Insolvent Trusts – Re: Z Trust 
The team is currently acting in the first case to address the concept of “insolvent Trusts” in any offshore jurisdiction. It is also not a concept that has ever been considered in English law previously.
By way of brief background to the case, the Settlor established eight trusts (ZI to ZVIII) all subject to the proper law of Jersey. The original Trustee retired under a Jersey law DoRA and was replaced as Trustee of all the Trusts between 2006 and 2007. Two of the eight Trusts (ZIIand ZIII) subsequently encountered serious financial difficulties and in 2015, the replacement Trustee sought directions from the Royal Court in relation to the implementation of a regime aimed at “winding up” ZII owing to its insolvent asset position.
The main asset of ZII is a significant loan from ZIII but that loan has been written down substantially to reflect the limited likely recovery. ZII has significant loan liabilities to connected trusts and companies with the only unconnected liabilities being outstanding Trustee fees and a contingent claim by the original Trustee (our client) who seeks an indemnification in respect of its liability which arose as a result of litigation brought against it by a third party in relation to its former trusteeship.
In April 2015, the Royal Court determined that ZII was “insolvent on both the cash flow and balance sheet” and it granted directions for the imposition of an insolvency regime.
Ultimately the Court demonstrated a flexible approach to application of an insolvency regime over a Trust and made clear that the type of regime applied will depend very much on the facts and circumstances of the insolvency in question with issues of cost, delay and the need for independence key factors for consideration by the Court.
This case has also addressed the question of whether an equitable lien exists in respect of former trustees’ rights over trust assets for payment of liabilities incurred from their trusteeship. The Royal Court considered the issue of equitable lien at a hearing in February 2015. During that hearing Commissioner Clyde Smith applied the authority of Investec Trust (Guernsey) Limited –v- Glenalla Properties Limited and Ors  (which was decided under Jersey law in any event) and expressed the view that the original Trustee does have an “equitable right” under Jersey law in respect of its trustee liabilities and is entitled to ensure that no steps are taken to “destroy, diminish or jeopardise” that right. The Court did not however go into any further detail on the precise nature of this “equitable right” or indeed the priority afforded to it, save to say that it took priority over beneficiaries claims to the trust fund.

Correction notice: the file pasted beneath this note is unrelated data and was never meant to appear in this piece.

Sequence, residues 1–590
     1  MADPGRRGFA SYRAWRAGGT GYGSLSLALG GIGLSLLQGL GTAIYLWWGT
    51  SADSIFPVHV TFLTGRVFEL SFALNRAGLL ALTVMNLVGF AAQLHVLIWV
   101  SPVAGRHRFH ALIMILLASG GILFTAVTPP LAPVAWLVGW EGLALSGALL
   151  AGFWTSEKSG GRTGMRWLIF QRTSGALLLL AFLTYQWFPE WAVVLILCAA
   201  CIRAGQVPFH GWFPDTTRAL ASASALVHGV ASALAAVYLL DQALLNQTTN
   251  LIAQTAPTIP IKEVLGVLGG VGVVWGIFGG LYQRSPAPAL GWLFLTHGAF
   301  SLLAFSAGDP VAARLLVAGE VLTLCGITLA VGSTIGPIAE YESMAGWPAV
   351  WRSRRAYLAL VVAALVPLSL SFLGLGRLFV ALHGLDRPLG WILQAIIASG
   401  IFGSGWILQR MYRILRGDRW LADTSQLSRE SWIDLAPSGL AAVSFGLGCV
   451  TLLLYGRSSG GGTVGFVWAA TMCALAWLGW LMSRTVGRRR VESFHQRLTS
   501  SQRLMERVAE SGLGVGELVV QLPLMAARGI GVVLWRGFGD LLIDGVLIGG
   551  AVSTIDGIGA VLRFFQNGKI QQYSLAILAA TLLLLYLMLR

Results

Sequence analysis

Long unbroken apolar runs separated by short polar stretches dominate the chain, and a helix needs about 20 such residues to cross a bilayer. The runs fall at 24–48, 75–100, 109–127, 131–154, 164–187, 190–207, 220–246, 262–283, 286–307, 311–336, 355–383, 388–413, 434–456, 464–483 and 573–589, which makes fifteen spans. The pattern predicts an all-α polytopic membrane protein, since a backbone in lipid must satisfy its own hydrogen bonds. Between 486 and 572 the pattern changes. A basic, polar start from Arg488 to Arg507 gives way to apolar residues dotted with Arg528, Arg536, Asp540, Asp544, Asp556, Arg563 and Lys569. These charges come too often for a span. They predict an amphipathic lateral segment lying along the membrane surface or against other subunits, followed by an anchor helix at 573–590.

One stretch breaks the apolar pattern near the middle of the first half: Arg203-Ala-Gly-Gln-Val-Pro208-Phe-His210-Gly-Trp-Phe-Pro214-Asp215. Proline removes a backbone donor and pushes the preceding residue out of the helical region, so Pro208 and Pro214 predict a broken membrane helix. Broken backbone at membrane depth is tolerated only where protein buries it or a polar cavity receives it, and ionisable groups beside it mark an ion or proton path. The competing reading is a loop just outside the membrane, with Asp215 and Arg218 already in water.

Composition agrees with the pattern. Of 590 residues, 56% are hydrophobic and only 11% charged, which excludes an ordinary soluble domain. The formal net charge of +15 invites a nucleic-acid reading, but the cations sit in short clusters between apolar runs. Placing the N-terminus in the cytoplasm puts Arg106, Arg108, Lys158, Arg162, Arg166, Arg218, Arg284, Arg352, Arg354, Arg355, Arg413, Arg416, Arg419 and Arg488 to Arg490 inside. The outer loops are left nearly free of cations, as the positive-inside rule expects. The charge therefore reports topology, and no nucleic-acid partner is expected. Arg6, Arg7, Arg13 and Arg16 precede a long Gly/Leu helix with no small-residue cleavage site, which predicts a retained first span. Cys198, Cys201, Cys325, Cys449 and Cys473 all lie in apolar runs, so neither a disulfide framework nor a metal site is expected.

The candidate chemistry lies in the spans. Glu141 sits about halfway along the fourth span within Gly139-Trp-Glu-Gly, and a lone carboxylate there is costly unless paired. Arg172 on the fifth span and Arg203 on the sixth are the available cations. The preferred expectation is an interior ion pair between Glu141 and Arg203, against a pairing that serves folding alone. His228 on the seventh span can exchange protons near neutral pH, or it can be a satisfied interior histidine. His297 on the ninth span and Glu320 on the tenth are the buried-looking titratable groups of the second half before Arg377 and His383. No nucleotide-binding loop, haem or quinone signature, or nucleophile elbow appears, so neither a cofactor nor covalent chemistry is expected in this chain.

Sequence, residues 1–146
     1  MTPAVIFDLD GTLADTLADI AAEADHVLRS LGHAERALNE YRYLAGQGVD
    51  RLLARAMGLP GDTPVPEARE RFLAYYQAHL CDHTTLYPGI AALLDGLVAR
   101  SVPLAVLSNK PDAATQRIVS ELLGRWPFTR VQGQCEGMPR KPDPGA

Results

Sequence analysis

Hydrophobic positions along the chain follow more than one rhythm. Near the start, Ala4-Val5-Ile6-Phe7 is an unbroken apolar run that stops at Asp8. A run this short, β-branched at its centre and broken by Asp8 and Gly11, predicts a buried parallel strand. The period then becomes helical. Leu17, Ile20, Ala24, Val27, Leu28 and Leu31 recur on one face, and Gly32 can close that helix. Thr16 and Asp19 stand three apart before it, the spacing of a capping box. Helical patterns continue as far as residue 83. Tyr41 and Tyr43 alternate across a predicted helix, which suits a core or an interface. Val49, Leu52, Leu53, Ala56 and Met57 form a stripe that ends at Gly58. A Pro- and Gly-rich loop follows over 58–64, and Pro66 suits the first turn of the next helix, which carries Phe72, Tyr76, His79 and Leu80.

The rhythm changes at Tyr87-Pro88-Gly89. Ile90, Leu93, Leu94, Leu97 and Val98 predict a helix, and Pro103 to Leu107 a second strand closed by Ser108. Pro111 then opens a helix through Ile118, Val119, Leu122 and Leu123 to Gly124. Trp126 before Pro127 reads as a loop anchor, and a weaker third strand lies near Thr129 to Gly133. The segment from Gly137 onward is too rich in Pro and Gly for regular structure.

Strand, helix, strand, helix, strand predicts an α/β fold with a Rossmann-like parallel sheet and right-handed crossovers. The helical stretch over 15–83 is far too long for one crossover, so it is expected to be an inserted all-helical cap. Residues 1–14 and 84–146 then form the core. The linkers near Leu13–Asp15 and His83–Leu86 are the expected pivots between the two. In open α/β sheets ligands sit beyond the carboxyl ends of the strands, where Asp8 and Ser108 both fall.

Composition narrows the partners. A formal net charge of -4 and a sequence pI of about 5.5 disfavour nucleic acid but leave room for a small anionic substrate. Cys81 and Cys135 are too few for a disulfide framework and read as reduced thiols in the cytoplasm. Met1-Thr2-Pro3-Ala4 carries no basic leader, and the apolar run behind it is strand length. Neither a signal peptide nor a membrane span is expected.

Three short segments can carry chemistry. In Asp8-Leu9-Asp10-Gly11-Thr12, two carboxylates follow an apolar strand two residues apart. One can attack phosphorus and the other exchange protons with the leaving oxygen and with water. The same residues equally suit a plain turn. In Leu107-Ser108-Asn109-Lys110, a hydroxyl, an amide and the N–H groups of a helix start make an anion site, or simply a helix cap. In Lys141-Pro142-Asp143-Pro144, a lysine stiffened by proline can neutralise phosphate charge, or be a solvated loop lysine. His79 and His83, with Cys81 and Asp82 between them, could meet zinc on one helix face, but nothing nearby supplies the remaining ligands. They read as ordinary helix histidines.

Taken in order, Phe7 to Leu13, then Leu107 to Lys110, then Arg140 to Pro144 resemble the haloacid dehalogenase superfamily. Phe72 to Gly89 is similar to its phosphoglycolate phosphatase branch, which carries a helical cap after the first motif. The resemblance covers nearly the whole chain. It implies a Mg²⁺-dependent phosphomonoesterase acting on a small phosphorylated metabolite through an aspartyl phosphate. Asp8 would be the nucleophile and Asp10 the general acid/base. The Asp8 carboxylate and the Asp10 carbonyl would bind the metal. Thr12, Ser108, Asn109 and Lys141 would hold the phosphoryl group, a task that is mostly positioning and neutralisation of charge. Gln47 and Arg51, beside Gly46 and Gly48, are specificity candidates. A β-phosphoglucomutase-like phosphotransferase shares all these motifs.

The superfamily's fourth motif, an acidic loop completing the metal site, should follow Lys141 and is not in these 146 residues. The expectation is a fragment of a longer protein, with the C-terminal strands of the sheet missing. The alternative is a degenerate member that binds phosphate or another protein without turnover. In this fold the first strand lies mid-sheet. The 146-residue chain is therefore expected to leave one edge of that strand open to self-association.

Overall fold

The Federal Republic of Brazil and another v Durant International Corporation and another  UKPC 35
Emma Jordan acted as Jersey Advocate in the Privy Council case of Brazil v Durant. Emma acted for the Municipality of Sao Paulo in the civil fraud case to recover funds misappropriated by Paolo Maluf. The case involved the Municipality seeking to recover funds channelled by Mr Maluf through the Jersey bank accounts of a number of BVI companies. Emma represented the government of Brazil in the Jersey Court of Appeal and established the application of the principle of backwards tracing through mixed bank accounts. This was the first case to apply the principle, albeit there had been strong judicial support in the English Court of Appeal previously. The Privy Council upheld the Jersey Court of Appeal’s decision and allowed the application of backwards tracing. This principle in essence permits the Court to use flexible evidential rules to recover monies misappropriated by fraudsters including allowing tracing through a mixed bank account when the monies are paid out prior to the Claimant’s funds being shown to have been paid into the account. The Privy Council determined a flexible test but confirmed the Jersey Court of Appeal’s test of the need to show a ‘sufficient link’ between the monies that have been paid out of the account and the monies in to reimburse this payment. This is a seminal case and practitioners are eagerly anticipating the application of this principles in the English court.